There are two sides to the claim: what happened, and what's significant about it. It's not hard to come up with a variety of accurate claims that what happened in 1800 was some kind of first, but the one you pose isn't one of them. Just to address the title, "was the 1800 US presidential election the first intentional, peaceful transfer of national control?" -- of course not, for example the Emperor Diocletian abdicated due to ill-health in 305 AD. Granted there was civil war within about a year, but the actual transfer of national control from Diocletian was peaceful and intentional!
You have not correctly quoted the material you reference. What they actually claim is not, "the first time a nation's ruling faction willingly ceded authority to their opposition, simply because they agreed to do so, rather than due to threat or usage of violence". It is "the first ever peaceful transition of power after bitterly contested popular elections fought by principled partisans". So, on a point of order, if you want to ask about why historians claim the former thing, you should find an example of historians claiming the former thing and refer to that.
The claim actually made is hedged around with those extra conditions precisely in order to make it at least arguably true.
Setting aside for the moment the need to search all of history, the most obvious comparison to make is with the USA's own former colonial power, Britain. Which of course did have elections in which governmental authority was ceded to opposing factions, and so is a rich source of disproofs for incautious claims to political innovation in the USA!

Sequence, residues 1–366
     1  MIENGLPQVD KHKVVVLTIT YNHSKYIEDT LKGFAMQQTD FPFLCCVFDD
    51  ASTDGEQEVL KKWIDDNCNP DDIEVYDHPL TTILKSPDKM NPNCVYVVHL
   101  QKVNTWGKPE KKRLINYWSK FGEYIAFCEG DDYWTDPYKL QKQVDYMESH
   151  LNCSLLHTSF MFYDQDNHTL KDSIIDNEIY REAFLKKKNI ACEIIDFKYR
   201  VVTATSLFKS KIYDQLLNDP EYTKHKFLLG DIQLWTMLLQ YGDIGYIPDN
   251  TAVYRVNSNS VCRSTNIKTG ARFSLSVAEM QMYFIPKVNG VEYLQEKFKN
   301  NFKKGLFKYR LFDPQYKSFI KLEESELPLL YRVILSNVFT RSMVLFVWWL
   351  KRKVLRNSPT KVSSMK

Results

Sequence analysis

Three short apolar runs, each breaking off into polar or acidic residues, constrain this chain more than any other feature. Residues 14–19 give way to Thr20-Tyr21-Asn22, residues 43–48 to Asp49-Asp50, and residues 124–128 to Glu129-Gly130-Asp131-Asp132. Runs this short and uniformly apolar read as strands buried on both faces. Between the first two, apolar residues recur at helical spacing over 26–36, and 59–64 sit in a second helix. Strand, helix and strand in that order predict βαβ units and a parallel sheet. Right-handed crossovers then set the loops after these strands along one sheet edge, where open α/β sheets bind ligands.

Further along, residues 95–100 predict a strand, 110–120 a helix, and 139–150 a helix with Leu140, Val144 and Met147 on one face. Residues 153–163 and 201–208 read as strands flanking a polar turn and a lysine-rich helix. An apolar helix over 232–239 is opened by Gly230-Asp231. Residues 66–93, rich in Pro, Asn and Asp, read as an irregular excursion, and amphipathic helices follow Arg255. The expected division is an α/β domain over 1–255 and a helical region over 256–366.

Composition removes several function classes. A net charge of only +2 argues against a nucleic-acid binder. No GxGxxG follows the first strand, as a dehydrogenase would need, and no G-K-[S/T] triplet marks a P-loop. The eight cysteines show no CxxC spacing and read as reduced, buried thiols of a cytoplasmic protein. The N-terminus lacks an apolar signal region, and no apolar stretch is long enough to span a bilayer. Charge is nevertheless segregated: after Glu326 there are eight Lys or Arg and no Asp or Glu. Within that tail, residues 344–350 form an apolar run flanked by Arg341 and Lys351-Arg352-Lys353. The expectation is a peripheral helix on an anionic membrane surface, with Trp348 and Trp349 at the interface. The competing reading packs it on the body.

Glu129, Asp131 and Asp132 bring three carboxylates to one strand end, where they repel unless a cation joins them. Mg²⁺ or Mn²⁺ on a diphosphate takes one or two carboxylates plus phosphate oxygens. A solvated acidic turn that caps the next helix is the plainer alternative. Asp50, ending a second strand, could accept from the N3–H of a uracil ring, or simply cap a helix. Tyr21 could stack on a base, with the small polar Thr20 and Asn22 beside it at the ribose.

British political factions of the time were certainly partisan, but were they "principled partisans", in the sense described in this material? It points out that "the Republican party had introduced a new set of principles by which the government was to be administered, very different from the Federalists' principles", and mentions Jefferson's observation that "every difference of opinion is not a difference of principle."
Were British elections "bitterly contested"? That seems to me to be a subjective judgement, and presumably some British contests were more bitter than others.
Were they even "popular elections", or is that a criterion intended to include the early US but not the Britain of the time? Recall that Britain still had large numbers of so-called "rotten boroughs". The right to vote resided not in property-owners in general, but in those owning or leasing specific eligible properties in the constituency. Old Sarum for some time in the 18th century elected two MPs, by the vote of a total electorate of 7 people: calling this a "popular vote" is a stretch even by the standards of the very limited franchise of the US election of 1800. There were constituencies ("pocket boroughs") where a single person owned the majority of eligible property, such that the electorate was whoever that person chose to install as tenants. Since the ballot was not secret, you can imagine how that might go. The land-owner could simply choose the MP.
By present-day standards we might say that none of these, 1800 included, were "popular elections", since the electorate wasn't sufficiently high a proportion of the population to satisfy us. But a difference of degree becomes a difference of type as soon as you are careful about the definitions you choose to make when you indentify your "first whatever-it-might-be".
There could also be some argument that British elections are not (or were not at the time) a full "transfer of power", because at the time the monarch still had some meaningful (albeit contested) influence on government, and the House of Lords was in the midst of government. There is one clear difference between US and British elections, which is that the US elects its head of state and upper house, whereas Britain does not. So, if that is part of your definition of "transfer of power", then Britain is neatly out of the way.